- 2013 - 2013
- Ghana field campaign
Between November 8th and December 20th I led a 4th census on 6 forestplots in Ghana, providing a 20-year multicensus data series spanning 1993-2001-2007-2013. The team composed of a car and driver (mr. Sampson Adonten) from the Forestry Research Institute (FORIG) and two rangers (mr. Yaw Nkrumah and Francis Addai) of the Forestry Commission (FC) of the Government of Ghana. Ernest Foli (FORIG) and Kofi Affum-Baffou (FC) were the hosts who kindly helped me with organising the fieldwork. An expert botanist from FORIG (mr. Jonathan Dabo) joined the team at regular times.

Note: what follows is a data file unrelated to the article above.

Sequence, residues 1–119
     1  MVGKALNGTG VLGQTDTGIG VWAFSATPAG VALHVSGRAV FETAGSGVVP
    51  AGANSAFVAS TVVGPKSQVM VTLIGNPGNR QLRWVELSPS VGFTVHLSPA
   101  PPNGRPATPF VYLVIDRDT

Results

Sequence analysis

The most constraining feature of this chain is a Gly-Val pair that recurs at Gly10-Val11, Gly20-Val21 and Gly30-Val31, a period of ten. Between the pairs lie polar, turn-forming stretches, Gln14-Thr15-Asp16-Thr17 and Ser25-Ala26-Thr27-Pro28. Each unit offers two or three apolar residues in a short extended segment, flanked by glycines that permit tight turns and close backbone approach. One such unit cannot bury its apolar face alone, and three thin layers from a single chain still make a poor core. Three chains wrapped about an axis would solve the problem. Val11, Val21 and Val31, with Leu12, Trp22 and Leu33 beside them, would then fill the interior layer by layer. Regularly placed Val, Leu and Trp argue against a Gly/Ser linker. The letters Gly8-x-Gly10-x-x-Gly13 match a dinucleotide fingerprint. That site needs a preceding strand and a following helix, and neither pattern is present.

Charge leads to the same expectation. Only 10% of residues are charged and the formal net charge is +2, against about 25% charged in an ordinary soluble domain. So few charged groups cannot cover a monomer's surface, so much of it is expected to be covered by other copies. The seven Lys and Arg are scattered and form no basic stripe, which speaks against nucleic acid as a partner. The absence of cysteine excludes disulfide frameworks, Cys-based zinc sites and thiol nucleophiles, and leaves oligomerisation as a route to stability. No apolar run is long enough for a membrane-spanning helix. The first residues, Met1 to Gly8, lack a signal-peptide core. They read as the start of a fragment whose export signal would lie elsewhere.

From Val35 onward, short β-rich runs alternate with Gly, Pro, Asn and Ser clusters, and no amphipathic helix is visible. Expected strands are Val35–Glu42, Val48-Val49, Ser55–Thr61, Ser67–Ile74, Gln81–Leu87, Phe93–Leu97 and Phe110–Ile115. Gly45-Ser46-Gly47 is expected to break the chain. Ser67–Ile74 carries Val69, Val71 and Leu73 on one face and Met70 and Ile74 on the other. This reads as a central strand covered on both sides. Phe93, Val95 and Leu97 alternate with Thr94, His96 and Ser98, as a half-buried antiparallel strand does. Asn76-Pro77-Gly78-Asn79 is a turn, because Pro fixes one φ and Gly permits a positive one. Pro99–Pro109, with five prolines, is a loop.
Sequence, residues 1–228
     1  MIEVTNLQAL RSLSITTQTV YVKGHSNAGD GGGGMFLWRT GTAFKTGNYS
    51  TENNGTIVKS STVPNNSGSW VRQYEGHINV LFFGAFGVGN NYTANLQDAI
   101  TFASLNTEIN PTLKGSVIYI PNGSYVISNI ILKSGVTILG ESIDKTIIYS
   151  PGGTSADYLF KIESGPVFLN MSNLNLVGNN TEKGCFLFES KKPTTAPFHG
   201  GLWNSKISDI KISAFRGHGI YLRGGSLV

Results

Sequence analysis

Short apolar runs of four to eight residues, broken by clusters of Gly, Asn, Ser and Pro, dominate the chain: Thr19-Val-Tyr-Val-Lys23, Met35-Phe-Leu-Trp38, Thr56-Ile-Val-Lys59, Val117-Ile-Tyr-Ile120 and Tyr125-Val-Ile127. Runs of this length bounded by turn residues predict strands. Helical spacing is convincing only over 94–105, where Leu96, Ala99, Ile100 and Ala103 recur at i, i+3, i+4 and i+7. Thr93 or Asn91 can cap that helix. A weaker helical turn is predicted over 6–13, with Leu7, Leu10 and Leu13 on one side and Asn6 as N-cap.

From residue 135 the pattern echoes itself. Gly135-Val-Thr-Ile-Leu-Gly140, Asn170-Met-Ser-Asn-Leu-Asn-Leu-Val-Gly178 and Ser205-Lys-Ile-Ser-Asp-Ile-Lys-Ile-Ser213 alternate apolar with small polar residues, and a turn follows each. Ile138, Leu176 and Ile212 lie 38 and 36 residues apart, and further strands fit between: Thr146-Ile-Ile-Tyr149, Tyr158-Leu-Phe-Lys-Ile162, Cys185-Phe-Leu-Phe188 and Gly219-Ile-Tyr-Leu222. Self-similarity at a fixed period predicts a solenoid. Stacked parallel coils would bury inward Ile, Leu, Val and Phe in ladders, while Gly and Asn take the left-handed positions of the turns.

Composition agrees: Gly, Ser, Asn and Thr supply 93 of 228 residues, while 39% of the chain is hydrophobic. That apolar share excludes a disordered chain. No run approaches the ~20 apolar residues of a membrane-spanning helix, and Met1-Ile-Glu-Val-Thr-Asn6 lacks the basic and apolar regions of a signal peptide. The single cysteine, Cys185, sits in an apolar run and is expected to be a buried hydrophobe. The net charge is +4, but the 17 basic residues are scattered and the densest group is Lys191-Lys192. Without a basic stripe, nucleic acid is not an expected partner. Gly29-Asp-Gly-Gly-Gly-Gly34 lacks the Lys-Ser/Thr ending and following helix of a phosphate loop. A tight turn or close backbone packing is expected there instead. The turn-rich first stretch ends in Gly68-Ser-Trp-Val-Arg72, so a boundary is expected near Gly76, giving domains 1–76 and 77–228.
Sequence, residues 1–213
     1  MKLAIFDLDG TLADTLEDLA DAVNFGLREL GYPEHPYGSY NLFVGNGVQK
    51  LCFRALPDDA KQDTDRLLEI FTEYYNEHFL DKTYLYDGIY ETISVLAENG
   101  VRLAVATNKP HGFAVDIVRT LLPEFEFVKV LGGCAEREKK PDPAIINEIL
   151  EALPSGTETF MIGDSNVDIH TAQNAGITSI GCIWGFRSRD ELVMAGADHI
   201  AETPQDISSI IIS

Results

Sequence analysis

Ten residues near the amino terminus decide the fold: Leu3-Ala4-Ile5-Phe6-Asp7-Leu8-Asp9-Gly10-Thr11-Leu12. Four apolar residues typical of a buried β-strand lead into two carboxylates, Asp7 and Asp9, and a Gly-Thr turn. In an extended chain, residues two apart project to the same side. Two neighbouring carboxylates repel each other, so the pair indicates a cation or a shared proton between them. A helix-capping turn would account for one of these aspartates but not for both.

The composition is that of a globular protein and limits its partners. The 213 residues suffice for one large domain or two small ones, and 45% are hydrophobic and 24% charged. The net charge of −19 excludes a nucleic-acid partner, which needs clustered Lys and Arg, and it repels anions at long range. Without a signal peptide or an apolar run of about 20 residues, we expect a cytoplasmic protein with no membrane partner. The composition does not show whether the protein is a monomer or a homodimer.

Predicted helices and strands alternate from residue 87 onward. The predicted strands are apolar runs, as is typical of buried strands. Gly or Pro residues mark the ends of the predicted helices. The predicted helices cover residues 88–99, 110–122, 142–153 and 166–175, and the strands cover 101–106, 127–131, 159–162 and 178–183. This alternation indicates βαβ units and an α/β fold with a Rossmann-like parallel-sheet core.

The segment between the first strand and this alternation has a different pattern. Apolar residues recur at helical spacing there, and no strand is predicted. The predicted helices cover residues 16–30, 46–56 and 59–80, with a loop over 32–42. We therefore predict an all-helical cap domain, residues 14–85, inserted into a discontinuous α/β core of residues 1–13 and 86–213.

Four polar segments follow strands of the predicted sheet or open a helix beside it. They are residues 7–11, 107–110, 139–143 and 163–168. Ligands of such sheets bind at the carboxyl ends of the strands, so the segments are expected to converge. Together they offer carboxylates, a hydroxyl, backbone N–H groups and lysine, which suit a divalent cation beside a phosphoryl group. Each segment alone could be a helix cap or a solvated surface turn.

The two ASN plots (ASN-04 and ASN-02) I visited are located in Asenanyo, a small forest reserve located on either side of a relatively big asphalted road. Both plots are located on flat terrain, with a slope of 0º almost everywhere, without boulders and no big stones. The plots are located in moist semi-deciduous mature rainforest and they are very rich in high-quality timber species. Together with its proximity to the Ashanti capital Kumasi, this richness turns the reserve into a wanted prey for the choir of hungry chainsaws that join the rainforest’s muggy afternoon buzzing, accompanying us each day in the field. A lot of exploitation has been going on in the region since at least 5 years (also before third census in 2008). Some trees were cut years ago, others only days ago. One of the illegal exploitation teams even made themselves comfortable in a camp in the middle of one of our plots. Specifically, there is a high abundance of Triplochiton scloroxylon, which is very wanted and exploited everywhere in the Asenanyo reserve. At least 5 large (>40cm) individuals of this species were recently cut in each of the ASN plots. As a result, the two Asenanyo plots are largely destroyed, although some subplots seem to have survived the chainsaw horror.